Aristotle Refutes Plato

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Aristotle Refutes Plato
Aristotle refutes Plato's Theory of Ideas on three basic grounds: that the
existence of Ideas contradicts itself by denying the possibility of negations;
that his illustrations of Ideas are merely empty metaphors; and that they theory
uses impermanent abstractions to create examples of perception. Though the
theory is meant to establish concrete standards for the knowledge of reality,

Aristotle considers it fraught with inconsistencies and believes that the
concept of reality depends upon all forms' correlations to other elements.

Ideas, Plato believes, are permanent, self-contained absolutes, which answered
to each item of exact knowledge attained through human thought. Also, Ideas are
in Plato's view concrete standards by which all human endeavor can be judged,
for the hierarchy of all ideas leads to the highest absolute - that of Good. In
addition, the theory claims that states of being are contingent upon the
mingling of various Forms of existence, that knowledge is objective and thus
clearly more real, and that only the processes of nature were valid entities.

However, Aristotle attacks this theory on the grounds that Plato's arguments are
inconclusive either his assertions are not al all cogent. Aristotle says, or his
arguments lead to contradictory conclusions. For example, Aristotle claims that

Plato's arguments lead one to conclude that entities (such as anything man-made)
and negations of concrete ideas could exist - such as "non-good" in
opposition to good. This contradicts Plato's own belief that only natural
objects could serve as standards of knowledge. Also, Aristotle refutes Plato's
belief that Ideas are perfect entities unto themselves, independent of
subjective human experience. Ideas, Aristotle claims, are not abstractions on a
proverbial pedestal but mere duplicates of things witnessed in ordinary daily
life. The Ideas of things, he says, are not inherent to the objects in
particular but created separately and placed apart from the objects themselves.

Thus, Aristotle says, Plato's idea that Ideas are perfect entities, intangible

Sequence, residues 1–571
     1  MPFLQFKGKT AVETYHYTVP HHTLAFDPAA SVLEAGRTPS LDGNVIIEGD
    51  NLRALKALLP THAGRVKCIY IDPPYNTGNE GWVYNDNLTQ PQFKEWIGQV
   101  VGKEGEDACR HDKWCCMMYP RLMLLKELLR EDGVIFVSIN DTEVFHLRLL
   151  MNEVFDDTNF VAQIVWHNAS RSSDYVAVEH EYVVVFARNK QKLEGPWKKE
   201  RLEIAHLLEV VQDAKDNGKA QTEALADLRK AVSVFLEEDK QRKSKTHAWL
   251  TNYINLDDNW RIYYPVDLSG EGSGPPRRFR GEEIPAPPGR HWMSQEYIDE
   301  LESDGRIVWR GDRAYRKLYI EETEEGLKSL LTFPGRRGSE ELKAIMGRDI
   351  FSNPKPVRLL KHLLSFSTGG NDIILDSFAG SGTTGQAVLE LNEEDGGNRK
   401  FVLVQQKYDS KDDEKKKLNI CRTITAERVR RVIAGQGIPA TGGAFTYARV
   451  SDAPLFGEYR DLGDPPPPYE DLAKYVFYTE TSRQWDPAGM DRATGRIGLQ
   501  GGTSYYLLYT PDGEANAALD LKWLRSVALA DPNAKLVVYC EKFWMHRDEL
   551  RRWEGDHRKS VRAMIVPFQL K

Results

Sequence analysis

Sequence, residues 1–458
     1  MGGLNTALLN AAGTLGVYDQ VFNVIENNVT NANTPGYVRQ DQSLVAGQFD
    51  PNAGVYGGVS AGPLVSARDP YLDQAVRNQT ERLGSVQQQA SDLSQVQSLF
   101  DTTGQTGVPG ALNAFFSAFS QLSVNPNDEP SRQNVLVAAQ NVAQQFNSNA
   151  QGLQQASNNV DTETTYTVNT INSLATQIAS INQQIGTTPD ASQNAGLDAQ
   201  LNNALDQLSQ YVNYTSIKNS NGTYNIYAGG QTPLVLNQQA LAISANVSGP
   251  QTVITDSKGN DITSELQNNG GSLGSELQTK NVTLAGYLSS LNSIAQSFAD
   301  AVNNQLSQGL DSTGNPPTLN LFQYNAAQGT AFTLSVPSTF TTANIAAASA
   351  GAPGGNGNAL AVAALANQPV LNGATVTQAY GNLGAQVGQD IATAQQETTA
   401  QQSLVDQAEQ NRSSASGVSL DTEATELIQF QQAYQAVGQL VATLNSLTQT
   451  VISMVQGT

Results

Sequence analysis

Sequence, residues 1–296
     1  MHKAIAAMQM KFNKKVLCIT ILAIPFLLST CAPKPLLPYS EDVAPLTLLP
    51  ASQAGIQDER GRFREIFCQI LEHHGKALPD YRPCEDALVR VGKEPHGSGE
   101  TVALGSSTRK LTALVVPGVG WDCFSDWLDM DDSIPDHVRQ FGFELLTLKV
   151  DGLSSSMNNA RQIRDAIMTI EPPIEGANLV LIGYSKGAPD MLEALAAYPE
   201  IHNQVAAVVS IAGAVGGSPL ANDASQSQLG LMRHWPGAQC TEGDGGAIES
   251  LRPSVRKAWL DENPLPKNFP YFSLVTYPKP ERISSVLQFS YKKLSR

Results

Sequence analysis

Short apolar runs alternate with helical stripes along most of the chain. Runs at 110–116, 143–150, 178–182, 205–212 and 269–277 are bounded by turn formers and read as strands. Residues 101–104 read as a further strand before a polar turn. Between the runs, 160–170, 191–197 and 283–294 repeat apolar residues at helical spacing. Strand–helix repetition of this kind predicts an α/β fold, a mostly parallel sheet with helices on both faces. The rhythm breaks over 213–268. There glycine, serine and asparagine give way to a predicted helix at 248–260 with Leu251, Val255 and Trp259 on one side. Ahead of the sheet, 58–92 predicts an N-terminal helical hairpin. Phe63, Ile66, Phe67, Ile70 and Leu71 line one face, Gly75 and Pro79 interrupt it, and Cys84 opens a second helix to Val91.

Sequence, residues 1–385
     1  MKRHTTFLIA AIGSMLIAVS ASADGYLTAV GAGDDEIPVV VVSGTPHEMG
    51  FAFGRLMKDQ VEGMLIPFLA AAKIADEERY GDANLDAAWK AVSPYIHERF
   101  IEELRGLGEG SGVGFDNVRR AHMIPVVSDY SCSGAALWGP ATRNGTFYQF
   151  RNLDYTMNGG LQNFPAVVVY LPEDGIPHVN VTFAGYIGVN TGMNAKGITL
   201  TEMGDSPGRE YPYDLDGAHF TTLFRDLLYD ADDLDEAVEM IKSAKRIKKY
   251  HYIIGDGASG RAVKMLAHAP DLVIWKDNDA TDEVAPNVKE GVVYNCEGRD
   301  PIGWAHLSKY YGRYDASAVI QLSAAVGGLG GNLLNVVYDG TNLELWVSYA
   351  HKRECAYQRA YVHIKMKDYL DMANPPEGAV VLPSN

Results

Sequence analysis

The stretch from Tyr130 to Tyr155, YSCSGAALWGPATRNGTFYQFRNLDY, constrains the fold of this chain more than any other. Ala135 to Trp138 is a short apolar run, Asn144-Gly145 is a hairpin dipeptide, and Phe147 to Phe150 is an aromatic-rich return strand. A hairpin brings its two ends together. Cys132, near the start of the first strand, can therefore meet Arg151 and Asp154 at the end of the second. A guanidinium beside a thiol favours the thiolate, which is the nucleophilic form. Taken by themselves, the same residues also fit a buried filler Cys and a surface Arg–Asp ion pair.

to subjective human experience, is meaningless, for all standards are based
somewhere in ordinary human activity and perception. Thirdly, Aristotle assails

Plato's efforts to find something common to several similar objects at once, a
perfect exemplar of the quality those things share. Beauty is a perfect example;

Plato considered Beauty both a notion and an ideal, isolated by abstractions and
fixed permanently while its representatives fade away. Aristotle claims that
abstractions like Beauty cannot be cast as absolutes, independent of temporal
human experience; the Idea of Beauty changes with time and individual
perceptions and cannot (as Plato felt) exist forever as a concrete standard.

Plato and Aristotle reach some agreement, though, on the topic of reality. Plato
believes that all reality was derived from his Ideas (which themselves dealt
with concrete hierarchy of rational ideas. St. Anselm, though, makes the most
dogmatic and logically tortuous case for God's existence, relying not upon
explanations of goodness, truth, or rational order of ideas but upon an absurd
argument. He claims that everyone has some sense of God, and he claims that for
one to deny God's existence is an invalid and contradictory assertion;
therefore, God exists. Also, Anselm believes that those capable of understanding

God cannot believe that he does not exist - as if the enormity of the idea was
so clear than only a fool could not perceive it. His arguments seem the weakest
of the four viewpoints here, for they are riddled with dogma and assume that God
is a constant - using faith alone. Anselm considers faith paramount to logic or
other forms of thought and asks no questions as to what powers the universe or
what goodness is - he basically follows the Christian "party line" too
closely to be valid. In general, St. Augustine combines Plato's idea of a moral
hierarchy with his own rational observations of truth and goodness being
embodied in their highest form by God. While Plato wavers on God's superiority,

Aristotle views man as god's pawn, and Anselm uses tortuous dogmatic logic,

Augustine's arguments seem to make the most sense from not only a Christian
point of view but from a moral and rational one as well. The philosophies of

Plato, Aristotle, St. Augustine, and St. Anselm on the existence of God all vary
on the issue of God's nature; though each thinker takes a different approach to
why there is a God, that of St. Augustine seems the most valid because he takes
a rational stance and does not dogmatically assume God's existence. Plato's
philosophy assumes that God exists as a supremely good being whose goodness is
analogous to Plato's concrete concept or the ultimate

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